We live in a serious society that equates propriety and solemn faces with success. In addition, life often deals a hand that is not a laughing matter. Socrates believed that “the comic and the tragic lie inseparably close, like light and shadow.” He is right because it is laughter that brings light to those dark and shadowy difficult times. Truthfully, we cannot feel angry, stressed, or depressed while laughing. It is scientifically impossible.2 If you don’t want sadness, steal a giggle; need to de-stress, dissolve into laughter, wish to control your anger, chortle and chuckle. Fake or genuine laughter diffuses any negative feelings, and the truth is sometimes life is so bad, you just gotta laugh!

 

  1. benefitsoflaughter.com
  2. Laughter is the Best Medicine: The Health Benefits of Laughter
  3. Proverbs 17:22 The Message
  4. Washington Post via International Journal of Molecular Medicine
Advertisements

Day 31: Squander

verb – allow (an opportunity) to pass or be lost

Thirty-one days of posts. Thirty-one days of word gift related information. And thirty-one chances to tell someone how much we love them in unique ways. Did you take that chance or did you squander it?

Our days are spent in a whirlwind of activity. We constantly look forward to a day when life will slow down, the kids will take care of themselves, our jobs will be less demanding, our commitments less rigorous. In a week, or a month, or maybe next year, life will slow down, and we’ll have time to accomplish those meaningful things we often dream about. Let’s be honest, those days aren’t coming. Life will always be busy and occupied with the next obligation until time is gone.

I don’t know if you are familiar with the play by Thornton Wilder entitled Our Town.  It is at the top of my list for life-changing and powerful literature. The final monologue by the main character Emily is given from her gravesite (she dies in childbirth in the play.) She’s gone back to her home town for one last look. Take a moment and read the following lines from the play. (If you’d like to watch it, check out this clip.)

Excerpt from Thorton’s Our Town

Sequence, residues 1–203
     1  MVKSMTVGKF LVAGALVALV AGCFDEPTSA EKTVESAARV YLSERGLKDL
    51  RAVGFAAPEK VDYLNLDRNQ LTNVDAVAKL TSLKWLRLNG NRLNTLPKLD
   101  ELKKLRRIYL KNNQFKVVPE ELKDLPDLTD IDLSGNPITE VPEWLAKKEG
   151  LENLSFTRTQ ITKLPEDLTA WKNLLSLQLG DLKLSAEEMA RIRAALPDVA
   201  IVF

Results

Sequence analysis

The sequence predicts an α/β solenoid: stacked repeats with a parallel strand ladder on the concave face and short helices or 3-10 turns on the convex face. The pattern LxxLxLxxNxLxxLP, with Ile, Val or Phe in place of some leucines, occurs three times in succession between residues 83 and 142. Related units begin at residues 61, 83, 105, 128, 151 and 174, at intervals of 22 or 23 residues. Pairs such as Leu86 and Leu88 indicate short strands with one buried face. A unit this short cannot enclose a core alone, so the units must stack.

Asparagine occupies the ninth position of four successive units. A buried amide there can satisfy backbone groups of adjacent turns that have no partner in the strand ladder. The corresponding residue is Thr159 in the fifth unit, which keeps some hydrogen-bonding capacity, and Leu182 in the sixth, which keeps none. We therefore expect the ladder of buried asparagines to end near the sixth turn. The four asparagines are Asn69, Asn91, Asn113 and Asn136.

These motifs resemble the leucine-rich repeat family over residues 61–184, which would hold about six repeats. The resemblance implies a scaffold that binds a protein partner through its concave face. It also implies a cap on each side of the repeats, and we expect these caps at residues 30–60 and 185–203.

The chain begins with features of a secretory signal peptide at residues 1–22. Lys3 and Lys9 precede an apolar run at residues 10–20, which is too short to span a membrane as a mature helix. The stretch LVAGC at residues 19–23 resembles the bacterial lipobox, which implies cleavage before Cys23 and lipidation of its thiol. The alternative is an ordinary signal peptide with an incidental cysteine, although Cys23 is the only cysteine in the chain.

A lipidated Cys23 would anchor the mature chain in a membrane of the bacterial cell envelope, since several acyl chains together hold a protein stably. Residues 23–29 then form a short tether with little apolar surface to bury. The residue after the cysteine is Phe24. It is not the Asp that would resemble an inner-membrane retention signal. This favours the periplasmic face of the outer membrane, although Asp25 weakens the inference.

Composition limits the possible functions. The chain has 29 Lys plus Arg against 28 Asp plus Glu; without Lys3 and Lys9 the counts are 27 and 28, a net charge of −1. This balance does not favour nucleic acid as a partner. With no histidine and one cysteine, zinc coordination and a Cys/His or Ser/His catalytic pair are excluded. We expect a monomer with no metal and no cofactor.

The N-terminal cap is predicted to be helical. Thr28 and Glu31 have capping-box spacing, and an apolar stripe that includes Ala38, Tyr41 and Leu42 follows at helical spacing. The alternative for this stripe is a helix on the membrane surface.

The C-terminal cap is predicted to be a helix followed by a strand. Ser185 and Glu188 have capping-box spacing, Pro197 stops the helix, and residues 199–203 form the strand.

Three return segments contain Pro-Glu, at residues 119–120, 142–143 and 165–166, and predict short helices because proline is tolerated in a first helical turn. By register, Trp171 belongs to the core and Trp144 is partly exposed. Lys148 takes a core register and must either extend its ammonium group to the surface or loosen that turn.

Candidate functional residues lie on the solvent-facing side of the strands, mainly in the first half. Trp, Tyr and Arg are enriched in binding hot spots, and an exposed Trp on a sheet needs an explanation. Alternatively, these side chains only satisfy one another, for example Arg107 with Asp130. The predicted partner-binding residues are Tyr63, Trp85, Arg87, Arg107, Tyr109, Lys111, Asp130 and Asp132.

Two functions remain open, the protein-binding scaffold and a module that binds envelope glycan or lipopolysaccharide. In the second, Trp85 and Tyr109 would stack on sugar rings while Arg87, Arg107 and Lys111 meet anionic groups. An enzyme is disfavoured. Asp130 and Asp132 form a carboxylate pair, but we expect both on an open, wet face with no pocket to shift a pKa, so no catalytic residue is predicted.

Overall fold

Emily: Oh, Mama, look at me one minute as though you really saw me. Mama, fourteen years have gone by. I’m dead. You’re a grandmother, Mama! Wally’s dead, too. His appendix burst on a camping trip to North Conway. We felt just terrible about it – don’t you remember? But, just for a moment now we’re all together. Mama, just for a moment we’re happy. Let’s really look at one another!…I can’t. I can’t go on.It goes so fast. We don’t have time to look at one another. I didn’t realize. So all that was going on and we never noticed. Take me back — up the hill — to my grave. But first: Wait! One more look. Good-bye , Good-bye world. Good-bye, Grover’s Corners….Mama and Papa. Good-bye to clocks ticking….and Mama’s sunflowers. And food and coffee. And new ironed dresses and hot baths….and sleeping and waking up. Oh, earth,you are too wonderful for anybody to realize you. Do any human beings ever realize life while they live it–every,every minute?

Stage Manager: No. (pause) The saints and poets, maybe they do some.

Emily: I’m ready to go back.

So many profound lines in such a short monologue, but such a perfect ending to understanding why word gifts are so important. Giving a word gift allows us to “really look at one another,” and understand that “it all goes so fast.” The simple act of writing a word gift allows us to realize how wonderful life is (and the people in it) “every, every minute.” Even better, the word gift recipient understands that we really see them and value them.  And as for the writer we find ourselves among the saints and poets if only for a moment.